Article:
What follows is the prologue to my next novel. It's all written, all edited and formatted, and all I'm waiting for is the cover, which should be coming together at the tail end of the month. Exciting to get another book out. This one was written in November, part of National Novel Writing Month, and I'm pleased I was able to get another bastard book done in a month. Means that January 2012 wasn't a fluke. It does mean that the entirety of 2013 has been a fuck of a time, writing-wise, as I've not been able to get anything out of any worth. Damn frustrating. But I'm hoping that I'm going to start churning the third major novel of the Richard / Scarlett Faraday series again before the year is out. We'll see how it goes.
The following events took place over one hot Summer night in 1968
Truman MacMullan was running as fast as he could, but he had nowhere to go.
He’d only pulled up in the drive ten minutes ago, but then things had gone to pot faster than even he could have imagined.
His mother had asked him to check in on his Uncle Larry. Now, Larry had never been the nicest of his uncles. He’d been a complete ass to Truman on a number of occasions but if there was one thing that overrode all common sense in the world it was family, so he got into his car and drove three hundred miles, all at the request of his mother, just to knock on a door. He’d arrived in the town fifteen minutes ago, and had actually been quite surprised to find that there was no one around. He’d driven through the town square, popped his head into the bars, but no, there was nobody about.
“Weird,” he had mumbled to himself.
Now all he was doing was cursing. “Fuck, fucking, fuck!”
He’d finally made it to his uncle’s new house, knocked on his door, but received no response. He wandered around the back of the house but couldn’t get anyone’s attention. He couldn’t see anyone, but the television was on and showing some blank wall somewhere. The kitchen light was on. A glass of half-drunk water on the side.
Reluctantly, Truman had taken the spare key his mother had given him and began to unlock the front door. He didn’t want to go in unannounced. But his mother had asked, so he had no choice in the matter. He entered, and immediately began to call out.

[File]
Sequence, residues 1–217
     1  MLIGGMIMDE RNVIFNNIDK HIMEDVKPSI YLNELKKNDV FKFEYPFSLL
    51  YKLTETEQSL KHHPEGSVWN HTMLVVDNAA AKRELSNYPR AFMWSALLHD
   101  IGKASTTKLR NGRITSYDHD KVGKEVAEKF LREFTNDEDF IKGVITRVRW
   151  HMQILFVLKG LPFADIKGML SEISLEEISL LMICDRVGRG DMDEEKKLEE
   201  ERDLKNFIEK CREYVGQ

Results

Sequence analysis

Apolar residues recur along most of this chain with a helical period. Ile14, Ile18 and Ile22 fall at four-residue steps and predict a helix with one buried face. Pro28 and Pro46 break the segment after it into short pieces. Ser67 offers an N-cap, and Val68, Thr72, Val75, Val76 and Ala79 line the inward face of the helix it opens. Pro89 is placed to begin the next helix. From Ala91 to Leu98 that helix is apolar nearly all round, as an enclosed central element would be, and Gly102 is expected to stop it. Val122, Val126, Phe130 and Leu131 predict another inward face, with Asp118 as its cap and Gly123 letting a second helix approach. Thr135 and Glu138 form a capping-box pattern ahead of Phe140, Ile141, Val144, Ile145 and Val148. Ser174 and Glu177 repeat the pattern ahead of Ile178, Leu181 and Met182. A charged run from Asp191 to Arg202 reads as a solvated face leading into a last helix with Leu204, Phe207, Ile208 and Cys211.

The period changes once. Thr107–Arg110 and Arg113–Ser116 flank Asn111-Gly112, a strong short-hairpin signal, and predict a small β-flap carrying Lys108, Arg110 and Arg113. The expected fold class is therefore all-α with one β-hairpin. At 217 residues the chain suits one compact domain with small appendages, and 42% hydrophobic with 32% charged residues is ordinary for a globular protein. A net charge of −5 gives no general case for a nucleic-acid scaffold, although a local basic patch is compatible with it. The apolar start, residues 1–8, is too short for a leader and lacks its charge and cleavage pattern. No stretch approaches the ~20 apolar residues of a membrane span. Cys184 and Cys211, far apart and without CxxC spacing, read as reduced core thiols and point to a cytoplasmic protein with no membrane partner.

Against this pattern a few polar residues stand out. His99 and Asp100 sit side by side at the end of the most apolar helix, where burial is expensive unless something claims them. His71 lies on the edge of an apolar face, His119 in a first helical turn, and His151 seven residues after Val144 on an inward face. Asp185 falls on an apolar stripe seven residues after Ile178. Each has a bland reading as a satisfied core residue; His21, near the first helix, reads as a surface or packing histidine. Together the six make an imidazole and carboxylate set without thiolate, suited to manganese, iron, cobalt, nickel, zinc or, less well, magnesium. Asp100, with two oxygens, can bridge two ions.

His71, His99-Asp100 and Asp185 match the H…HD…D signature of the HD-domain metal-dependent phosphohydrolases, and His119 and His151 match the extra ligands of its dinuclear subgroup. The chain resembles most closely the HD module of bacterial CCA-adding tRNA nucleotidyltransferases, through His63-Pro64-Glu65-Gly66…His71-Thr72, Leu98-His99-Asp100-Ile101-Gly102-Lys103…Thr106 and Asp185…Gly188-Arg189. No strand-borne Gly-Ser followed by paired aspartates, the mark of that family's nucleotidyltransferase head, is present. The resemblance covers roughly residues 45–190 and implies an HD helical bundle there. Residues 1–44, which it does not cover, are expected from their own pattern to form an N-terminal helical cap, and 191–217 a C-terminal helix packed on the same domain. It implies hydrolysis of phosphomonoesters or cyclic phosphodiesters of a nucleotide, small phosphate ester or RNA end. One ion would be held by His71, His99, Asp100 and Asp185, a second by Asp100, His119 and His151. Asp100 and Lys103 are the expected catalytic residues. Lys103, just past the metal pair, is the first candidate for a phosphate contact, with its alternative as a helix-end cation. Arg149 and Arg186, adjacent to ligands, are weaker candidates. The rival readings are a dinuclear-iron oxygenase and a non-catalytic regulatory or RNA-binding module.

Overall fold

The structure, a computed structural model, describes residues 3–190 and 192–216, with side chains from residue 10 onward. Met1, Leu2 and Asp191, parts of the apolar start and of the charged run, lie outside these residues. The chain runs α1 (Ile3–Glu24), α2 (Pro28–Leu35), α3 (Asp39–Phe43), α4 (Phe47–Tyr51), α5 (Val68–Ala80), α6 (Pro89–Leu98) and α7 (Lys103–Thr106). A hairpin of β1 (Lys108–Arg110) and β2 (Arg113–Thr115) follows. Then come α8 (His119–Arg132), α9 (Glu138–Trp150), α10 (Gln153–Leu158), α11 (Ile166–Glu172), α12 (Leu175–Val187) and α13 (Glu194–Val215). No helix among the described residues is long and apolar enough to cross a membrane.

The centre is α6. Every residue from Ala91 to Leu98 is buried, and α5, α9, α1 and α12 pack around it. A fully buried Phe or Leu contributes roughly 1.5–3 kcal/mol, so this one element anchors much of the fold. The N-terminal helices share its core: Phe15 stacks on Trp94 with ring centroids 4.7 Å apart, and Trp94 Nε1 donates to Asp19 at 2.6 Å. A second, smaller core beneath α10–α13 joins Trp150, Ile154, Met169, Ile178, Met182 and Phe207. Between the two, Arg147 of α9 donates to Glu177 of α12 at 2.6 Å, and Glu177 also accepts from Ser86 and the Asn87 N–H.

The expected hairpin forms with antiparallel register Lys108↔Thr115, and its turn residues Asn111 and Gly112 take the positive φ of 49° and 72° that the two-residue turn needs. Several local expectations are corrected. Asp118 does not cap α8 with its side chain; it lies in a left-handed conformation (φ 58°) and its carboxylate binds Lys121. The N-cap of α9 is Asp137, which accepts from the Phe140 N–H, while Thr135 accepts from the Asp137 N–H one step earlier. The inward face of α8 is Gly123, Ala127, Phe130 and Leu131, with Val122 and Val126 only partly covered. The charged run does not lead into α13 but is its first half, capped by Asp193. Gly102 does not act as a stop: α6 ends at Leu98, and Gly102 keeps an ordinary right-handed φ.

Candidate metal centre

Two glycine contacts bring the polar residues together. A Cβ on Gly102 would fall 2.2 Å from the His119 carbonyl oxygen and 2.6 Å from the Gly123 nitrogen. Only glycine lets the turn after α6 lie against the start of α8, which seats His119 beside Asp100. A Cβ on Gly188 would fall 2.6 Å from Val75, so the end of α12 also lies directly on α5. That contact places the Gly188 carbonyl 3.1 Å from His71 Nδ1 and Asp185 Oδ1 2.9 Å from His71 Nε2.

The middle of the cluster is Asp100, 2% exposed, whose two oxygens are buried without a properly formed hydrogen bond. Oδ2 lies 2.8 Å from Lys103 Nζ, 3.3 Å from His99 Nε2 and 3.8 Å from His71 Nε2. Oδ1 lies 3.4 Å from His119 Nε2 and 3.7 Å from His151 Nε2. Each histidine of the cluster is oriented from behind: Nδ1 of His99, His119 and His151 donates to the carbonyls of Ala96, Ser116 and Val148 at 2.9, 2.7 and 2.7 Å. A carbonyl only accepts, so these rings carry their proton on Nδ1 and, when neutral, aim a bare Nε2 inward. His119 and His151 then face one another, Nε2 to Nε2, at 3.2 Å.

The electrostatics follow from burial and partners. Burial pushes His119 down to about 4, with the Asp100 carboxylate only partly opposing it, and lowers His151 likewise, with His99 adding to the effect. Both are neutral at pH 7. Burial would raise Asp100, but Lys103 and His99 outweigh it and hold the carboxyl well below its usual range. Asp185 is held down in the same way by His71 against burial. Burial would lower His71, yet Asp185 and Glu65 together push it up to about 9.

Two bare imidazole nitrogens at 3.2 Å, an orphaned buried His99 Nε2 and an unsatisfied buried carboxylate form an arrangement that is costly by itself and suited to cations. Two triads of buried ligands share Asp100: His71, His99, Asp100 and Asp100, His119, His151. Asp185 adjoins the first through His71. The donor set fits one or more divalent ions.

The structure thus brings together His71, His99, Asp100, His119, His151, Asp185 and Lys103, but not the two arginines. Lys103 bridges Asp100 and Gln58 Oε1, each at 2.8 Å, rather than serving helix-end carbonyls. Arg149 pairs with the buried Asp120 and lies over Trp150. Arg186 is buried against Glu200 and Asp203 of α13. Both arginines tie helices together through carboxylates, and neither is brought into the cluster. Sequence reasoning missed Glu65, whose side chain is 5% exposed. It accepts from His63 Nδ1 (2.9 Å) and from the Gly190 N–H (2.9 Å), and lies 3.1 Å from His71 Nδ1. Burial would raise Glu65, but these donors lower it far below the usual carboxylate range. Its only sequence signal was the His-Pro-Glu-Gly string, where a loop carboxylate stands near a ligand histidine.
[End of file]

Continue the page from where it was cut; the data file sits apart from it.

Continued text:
“Uncle Lar? Uncle Lar?”
He looked around downstairs and saw that the glass on the counter was full of tiny, stale bubbles. How long had it been there? He poured it down the sink and turned off the television.
“Uncle Larry, are you up there?”
Truman looked up the stairs and wondered if he should go up.
He was utterly exhausted. The drive down had taken most of the life out of him, and the beers he’d downed since that last truck stop did him no favours.
He had bought two six packs, drank them one every few miles.
His friends had told him that he shouldn’t drink and drive, but apart from his eyes playing a trick on him when he found the right road that led to Safehaven, he’d been fine.
A light had blinded him for a second. He thought about the dirt that peppered his glasses and the way that headlights could sometime spiral into a kaleidoscope of discomfort, but he had blinked the light away and all was well.
But oddly, there had been no cars.
There had been no visible causes of the light.
But it had come and gone and he was fine.
Truman had no luck upstairs. His uncle was nowhere to be found. Maybe he’d taken the boat down to the marina, maybe he was night fishing on the lake.
Night fishing for his family meant an icebox and beef jerky, and obscene amounts of littering in whichever lake they chose to float out on.
Truman then descended the stairs and looked around. He thought that he might as well collapse on the sofa and turn in for the night. If his uncle came in, he would hear him, and everything would be fine.
Sure, maybe Larry would get cranky at an uninvited guest, but he should have called or picked up the phone when Truman’s mother had tried him.
“Simple enough,” Truman thought to himself.
He had removed his boots when he saw the man in the window.
He swore loudly, put his glasses back on, but then saw nothing.
“God,” he whispered, catching his chest. His heart was pounding. “God.”